Scott Horsley, NPR News, Washington.

(Soundbite of music)

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White House Hosts Meeting on Immigration

Then-presidential candidate Barack Obama speaks at a June 2007 candidates forum on immigration i i

Then-presidential candidate Barack Obama speaks during a June 2007 candidates forum at the National Association of Latino Elected and Appointed Officials. Immigrant advocates say the strong Latino vote for Obama last fall makes it more important that he address the issue. Joe Raedle/Getty Images hide caption

itoggle caption Joe Raedle/Getty Images
Then-presidential candidate Barack Obama speaks at a June 2007 candidates forum on immigration

Then-presidential candidate Barack Obama speaks during a June 2007 candidates forum at the National Association of Latino Elected and Appointed Officials. Immigrant advocates say the strong Latino vote for Obama last fall makes it more important that he address the issue.

Joe Raedle/Getty Images

After two delays and months of hand-wringing among immigrant advocates, President Obama finally meets with members of Congress Thursday to take up the thorny issue of immigration.

During the campaign Obama pledged a sweeping overhaul in his first year in office. But so far the issue has been pushed off for other priorities, and expectations remain low.

"It's like the opening whistle, and it means that the debate is under way in a very serious manner," says Angela Kelly of the Center for American Progress.

Kelly has spent years lobbying Congress to revamp immigration laws, and she is heartened that Obama has repeatedly expressed support, not only for stepped-up security at the border and workplace but also for a highly contentious plan to legalize some 12 million undocumented immigrants. If he hasn't shown the same urgency as with, say, health care, Kelly is still hopeful.

"You know there's no grave disappointment on my end yet," she says. "But on the other hand, the clock is ticking and we need to move forward. And the fact is, there isn't any other viable option on the table."

Both Sides Represented

That's true, but it's also not clear that Obama's vision for overhaul is politically viable. Thursday's meeting will include some lawmakers who are dead set against any legalization, and Roy Beck, of the restrictionist group Numbers USA, believes this could be a good sign.

"By having strong senators and congressmen on the other side of this issue," Beck says, Obama "will be able to say, 'Hey, look, see how hard this is going to be? See how far apart we are?' "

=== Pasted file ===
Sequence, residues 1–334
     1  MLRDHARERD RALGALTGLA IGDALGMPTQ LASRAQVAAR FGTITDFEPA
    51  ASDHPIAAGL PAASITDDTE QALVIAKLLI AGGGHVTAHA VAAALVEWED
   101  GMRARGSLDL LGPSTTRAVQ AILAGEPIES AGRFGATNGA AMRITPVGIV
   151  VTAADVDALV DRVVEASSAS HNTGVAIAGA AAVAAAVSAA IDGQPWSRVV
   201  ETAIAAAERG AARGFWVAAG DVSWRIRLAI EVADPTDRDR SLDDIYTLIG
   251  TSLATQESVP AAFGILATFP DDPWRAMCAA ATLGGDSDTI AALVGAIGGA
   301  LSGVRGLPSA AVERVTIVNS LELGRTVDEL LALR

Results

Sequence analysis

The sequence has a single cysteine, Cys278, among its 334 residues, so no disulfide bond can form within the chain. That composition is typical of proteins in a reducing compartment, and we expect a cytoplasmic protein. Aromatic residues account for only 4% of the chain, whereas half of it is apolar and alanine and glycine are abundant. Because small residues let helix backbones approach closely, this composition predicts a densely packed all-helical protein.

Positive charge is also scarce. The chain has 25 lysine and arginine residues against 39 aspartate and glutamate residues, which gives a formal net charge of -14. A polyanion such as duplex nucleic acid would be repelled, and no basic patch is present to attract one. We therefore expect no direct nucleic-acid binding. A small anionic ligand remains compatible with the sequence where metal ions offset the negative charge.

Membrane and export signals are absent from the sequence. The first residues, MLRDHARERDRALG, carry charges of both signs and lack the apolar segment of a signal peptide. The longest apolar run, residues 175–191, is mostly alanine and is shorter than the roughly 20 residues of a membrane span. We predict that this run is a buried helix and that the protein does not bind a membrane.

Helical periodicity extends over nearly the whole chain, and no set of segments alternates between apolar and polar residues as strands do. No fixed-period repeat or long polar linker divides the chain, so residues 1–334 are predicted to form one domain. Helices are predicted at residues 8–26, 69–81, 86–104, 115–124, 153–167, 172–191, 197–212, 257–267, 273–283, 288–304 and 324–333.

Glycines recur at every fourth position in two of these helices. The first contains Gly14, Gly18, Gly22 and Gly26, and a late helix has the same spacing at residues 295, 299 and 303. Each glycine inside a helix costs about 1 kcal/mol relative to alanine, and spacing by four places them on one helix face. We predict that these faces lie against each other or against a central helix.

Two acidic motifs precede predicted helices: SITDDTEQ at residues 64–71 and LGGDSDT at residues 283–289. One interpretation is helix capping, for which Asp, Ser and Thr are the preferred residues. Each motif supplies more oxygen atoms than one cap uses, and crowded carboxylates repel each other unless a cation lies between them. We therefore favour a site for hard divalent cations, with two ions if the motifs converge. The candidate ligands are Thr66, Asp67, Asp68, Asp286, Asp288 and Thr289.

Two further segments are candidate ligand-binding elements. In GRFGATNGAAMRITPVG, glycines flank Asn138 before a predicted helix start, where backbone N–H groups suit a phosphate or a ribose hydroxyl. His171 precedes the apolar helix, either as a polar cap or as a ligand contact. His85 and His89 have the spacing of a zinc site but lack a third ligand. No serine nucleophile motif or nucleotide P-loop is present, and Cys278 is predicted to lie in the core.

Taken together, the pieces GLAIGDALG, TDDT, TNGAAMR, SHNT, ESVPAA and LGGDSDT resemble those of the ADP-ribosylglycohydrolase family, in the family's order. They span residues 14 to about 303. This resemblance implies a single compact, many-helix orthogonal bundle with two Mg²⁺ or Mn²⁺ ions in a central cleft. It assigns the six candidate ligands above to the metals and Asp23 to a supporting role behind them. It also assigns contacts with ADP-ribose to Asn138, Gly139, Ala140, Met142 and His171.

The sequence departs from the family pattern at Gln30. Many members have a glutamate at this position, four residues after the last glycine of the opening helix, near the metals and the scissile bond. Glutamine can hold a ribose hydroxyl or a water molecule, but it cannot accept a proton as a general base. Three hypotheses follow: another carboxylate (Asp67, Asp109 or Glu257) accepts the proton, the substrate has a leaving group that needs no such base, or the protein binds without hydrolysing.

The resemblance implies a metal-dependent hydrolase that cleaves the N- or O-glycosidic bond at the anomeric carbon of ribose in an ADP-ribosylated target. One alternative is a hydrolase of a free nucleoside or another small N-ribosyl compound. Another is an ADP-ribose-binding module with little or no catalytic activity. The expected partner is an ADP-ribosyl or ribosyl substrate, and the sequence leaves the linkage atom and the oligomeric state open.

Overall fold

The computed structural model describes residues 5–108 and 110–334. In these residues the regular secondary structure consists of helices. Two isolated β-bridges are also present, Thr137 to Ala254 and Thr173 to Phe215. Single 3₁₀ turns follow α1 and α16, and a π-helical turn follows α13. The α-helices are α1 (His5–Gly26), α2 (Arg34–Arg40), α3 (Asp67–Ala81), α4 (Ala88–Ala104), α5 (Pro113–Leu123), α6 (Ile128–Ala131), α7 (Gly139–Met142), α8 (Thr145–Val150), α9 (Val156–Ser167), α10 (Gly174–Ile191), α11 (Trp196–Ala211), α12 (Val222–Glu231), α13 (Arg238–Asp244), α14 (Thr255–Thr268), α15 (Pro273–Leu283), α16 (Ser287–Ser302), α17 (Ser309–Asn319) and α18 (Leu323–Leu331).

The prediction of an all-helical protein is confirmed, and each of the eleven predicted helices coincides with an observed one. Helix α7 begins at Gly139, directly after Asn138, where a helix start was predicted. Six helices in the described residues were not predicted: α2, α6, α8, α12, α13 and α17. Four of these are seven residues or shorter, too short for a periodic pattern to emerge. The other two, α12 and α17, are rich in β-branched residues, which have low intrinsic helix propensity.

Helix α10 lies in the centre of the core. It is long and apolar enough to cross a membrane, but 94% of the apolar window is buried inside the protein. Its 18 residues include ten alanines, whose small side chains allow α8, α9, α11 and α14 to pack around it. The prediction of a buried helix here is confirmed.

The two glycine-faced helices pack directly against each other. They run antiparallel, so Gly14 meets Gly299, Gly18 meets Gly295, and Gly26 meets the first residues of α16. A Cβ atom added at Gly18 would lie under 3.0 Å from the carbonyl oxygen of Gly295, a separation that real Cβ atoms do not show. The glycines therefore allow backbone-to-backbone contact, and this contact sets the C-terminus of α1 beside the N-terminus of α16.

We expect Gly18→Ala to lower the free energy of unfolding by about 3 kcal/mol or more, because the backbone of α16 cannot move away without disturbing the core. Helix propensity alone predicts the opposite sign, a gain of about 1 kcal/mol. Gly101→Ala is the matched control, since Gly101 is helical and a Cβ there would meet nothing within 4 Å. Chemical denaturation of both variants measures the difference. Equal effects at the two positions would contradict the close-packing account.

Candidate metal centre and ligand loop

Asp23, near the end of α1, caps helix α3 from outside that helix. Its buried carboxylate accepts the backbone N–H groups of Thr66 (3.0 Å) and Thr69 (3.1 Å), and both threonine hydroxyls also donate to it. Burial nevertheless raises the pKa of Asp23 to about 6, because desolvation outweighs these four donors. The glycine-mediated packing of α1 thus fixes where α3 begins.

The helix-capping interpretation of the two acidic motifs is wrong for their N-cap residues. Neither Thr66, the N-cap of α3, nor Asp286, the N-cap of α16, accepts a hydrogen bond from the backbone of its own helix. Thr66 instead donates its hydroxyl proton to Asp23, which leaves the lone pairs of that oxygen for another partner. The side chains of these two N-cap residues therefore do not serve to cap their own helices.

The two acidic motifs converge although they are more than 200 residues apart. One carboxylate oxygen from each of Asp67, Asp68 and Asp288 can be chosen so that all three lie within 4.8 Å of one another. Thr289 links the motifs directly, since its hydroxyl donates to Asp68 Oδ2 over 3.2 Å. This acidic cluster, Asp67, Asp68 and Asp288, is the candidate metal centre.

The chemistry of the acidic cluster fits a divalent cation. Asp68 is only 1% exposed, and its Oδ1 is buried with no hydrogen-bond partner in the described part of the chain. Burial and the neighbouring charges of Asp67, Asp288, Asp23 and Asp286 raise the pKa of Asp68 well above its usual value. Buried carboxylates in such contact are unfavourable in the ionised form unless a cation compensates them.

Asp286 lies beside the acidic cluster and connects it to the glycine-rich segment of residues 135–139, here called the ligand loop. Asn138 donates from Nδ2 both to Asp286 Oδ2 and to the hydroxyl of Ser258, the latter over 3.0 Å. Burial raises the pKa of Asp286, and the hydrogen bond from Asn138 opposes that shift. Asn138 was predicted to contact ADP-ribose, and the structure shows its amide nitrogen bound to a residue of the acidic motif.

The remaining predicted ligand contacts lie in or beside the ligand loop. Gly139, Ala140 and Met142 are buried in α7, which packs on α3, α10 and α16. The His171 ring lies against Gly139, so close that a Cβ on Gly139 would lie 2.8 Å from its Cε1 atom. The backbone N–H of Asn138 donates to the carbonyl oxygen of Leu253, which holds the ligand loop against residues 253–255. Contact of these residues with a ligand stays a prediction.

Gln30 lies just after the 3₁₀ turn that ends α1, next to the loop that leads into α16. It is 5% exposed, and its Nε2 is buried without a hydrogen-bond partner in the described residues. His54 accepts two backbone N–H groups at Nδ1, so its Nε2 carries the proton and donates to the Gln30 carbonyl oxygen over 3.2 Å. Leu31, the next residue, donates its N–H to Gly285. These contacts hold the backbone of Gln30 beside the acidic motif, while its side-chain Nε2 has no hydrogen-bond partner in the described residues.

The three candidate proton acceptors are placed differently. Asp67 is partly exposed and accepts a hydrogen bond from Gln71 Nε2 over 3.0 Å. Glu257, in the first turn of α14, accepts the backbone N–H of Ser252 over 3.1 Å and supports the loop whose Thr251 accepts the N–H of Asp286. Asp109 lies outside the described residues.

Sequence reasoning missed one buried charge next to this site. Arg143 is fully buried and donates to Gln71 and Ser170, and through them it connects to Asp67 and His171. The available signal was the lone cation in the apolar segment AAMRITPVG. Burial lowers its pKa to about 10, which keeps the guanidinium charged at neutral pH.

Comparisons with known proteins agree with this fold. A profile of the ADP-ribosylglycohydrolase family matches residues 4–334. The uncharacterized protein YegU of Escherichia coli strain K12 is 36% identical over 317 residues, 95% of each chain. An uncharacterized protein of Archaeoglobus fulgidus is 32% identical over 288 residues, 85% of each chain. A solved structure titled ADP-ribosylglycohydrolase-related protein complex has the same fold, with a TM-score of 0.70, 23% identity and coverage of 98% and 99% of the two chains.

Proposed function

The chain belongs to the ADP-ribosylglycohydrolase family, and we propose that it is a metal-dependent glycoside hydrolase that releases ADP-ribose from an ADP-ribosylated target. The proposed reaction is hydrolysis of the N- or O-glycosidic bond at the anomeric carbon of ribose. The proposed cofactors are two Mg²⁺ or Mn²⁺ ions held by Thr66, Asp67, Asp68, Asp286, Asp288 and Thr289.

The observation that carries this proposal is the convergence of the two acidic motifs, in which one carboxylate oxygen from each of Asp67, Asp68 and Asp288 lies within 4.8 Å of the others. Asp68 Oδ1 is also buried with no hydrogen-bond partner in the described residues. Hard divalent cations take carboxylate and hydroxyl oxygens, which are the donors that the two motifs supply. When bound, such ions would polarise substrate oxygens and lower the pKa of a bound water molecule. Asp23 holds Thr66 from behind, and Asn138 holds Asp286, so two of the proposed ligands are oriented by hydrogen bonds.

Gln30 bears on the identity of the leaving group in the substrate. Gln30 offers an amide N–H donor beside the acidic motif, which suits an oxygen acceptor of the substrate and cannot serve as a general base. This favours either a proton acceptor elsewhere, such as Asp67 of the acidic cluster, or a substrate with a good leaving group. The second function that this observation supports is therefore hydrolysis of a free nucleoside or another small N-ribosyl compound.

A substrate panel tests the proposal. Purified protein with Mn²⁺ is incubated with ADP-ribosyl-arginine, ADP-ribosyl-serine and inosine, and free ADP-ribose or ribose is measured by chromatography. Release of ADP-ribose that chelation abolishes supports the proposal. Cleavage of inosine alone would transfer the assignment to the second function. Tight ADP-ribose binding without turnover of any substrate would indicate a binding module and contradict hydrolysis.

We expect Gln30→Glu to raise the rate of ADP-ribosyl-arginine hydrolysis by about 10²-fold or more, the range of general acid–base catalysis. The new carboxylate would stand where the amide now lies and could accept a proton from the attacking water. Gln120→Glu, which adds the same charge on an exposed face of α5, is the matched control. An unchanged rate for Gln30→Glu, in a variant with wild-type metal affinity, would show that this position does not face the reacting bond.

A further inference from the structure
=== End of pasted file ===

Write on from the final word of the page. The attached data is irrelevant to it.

On the other hand, Beck wonders if including both sides means that Obama is really serious about changes in immigration policy, since winning over Republicans is the only way it will happen. Immigrant advocates say the strong Latino vote for Obama last fall also makes it more important that he address the issue. Still, given that new immigration plans failed twice in Congress in recent years, Beck says the safe bet is that the president won't press for much anytime soon.

"He's trying hard to be kind to this lobby, but they're asking him to sort of commit political suicide," Beck says. "And they're saying unless you commit political suicide — 'we're not going to vote for you next time.' Well, that's crazy."

Still An Important Issue In Some Areas

If immigration has receded as an issue on Capitol Hill, it hasn't in parts of the country that have seen an influx of illegal migrants in recent years. Christine Neumann-Ortiz heads Voces de la Frontera, an immigrant advocacy group in Wisconsin, and says the delay in tackling the issue is "tragic."

Neumann-Ortiz estimates 30,000 people marched on May 1 in Milwaukee to demand driver's licenses for the undocumented and in-state tuition for students whose parents brought them to the U.S. without visas. Her group also helps those arrested when immigration agents raid their homes.

"Frankly," she says, "under the Obama administration there's no change in terms of the rate of people who come to us seeking help."

Kelly at the Center for American Progress says the myriad problems of the nation's broken immigration system aren't going away.

She hopes the White House and Congress get serious about them at Thursday's meeting, but if not, she's certain they'll have to at some point.